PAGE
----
Respite Services provides relief options to parents who provide ongoing care of their family member who has a disability. Many parents of children and adults with disabilities have low incomes and cannot afford to hire providers to take time away from their children. Many people with disabilities require 24-hour, around-the-clock supervision, attention and care. This continuous demand becomes a tremendous drain on caregivers emotionally, physically and mentally-this care will remain constant as they grow older. Consequently, families of children with disabilities are at high risk for divorce, substance abuse and child abuse because of the continuing stress of caring for the child with disabilities. Respite care is an assistance program to parents, but just as importantly, is a prevention program aimed at stopping some of the social problems that can result from the tremendous demands made on families due to the disabilities of their child or the institutionalization of the family member with a disability.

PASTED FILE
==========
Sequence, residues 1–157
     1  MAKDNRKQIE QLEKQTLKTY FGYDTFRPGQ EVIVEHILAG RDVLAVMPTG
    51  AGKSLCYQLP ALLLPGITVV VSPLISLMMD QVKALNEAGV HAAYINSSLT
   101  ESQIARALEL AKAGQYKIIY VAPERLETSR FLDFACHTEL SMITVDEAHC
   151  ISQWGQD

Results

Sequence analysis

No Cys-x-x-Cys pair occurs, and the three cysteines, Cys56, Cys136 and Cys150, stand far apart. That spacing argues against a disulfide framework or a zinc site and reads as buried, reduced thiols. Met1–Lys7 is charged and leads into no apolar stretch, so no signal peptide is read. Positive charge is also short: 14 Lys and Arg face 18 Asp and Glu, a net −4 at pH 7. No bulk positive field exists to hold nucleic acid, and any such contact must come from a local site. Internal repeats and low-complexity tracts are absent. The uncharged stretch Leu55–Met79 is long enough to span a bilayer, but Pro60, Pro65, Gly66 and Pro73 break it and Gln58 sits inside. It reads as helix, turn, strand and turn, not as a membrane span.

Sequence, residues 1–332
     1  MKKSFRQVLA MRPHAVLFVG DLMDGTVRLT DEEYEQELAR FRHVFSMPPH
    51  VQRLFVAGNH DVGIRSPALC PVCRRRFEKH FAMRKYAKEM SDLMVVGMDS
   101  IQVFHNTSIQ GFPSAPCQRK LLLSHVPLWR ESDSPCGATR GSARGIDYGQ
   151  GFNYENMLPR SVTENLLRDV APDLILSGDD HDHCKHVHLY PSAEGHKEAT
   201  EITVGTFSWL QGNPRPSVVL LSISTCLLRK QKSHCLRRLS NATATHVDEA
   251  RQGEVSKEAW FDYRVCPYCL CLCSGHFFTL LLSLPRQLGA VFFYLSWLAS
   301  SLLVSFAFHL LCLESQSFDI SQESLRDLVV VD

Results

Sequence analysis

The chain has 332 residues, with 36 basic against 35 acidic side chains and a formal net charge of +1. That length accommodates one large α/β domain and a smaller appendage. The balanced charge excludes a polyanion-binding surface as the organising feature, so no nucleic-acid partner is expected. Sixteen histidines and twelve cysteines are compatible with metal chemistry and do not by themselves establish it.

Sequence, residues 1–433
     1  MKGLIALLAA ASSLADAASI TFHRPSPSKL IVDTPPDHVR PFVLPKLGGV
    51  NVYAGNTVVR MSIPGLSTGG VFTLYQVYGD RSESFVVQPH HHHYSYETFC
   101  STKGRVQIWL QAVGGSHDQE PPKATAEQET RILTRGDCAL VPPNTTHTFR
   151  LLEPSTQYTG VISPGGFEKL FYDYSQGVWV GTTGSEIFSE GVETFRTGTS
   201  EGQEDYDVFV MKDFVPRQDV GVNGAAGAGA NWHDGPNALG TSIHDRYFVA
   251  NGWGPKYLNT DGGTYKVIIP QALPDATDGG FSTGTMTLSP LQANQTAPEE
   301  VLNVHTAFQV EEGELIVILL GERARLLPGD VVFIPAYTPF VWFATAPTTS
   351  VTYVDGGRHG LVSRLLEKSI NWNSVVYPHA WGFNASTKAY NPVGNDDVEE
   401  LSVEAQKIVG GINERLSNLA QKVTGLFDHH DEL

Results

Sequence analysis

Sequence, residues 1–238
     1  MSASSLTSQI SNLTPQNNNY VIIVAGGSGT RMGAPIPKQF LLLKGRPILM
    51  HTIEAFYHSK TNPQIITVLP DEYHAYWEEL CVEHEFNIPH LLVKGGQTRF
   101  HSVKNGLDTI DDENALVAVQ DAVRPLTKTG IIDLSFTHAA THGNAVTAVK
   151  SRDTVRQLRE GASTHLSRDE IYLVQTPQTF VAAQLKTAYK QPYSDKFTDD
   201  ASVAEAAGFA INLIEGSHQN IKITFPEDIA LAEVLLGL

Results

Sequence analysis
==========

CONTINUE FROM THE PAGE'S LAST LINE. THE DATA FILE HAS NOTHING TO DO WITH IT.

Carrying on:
Adriana Rico, Respite Family Coordinator, Easter Seals Greater Houston

 

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Jason’s Journey

Jason F 3 IMG_0054 (3)

Jason has been working at the Dollar Tree store on North Fry Road for the past year and a half. At Dollar Tree, Jason works as a Stocker. He stocks the snack chips, soft drinks and paper items like paper towels, napkins and facial tissue. Jason also helps out with keeping the store clean as he cleans the shelves and the perishable items coolers and empties trash.Jason F 2 IMG_0047 (2)

Recently, Jason started volunteering at Katy Christian Ministries in the food pantry. Jason says he loves to work and likes helping others.

When not at work, Jason loves to watch movies and go the church with his family.

Ron Taylor his Transition Specialist at ESGH says Jason is amazing to work with, ready to learn, on time and happy to be where he is appreciated.  Ron says he looks forward to his coaching days with Jason and that it reminds him of why he loves what he does for young adults with disabilities who want to enter the employment sector.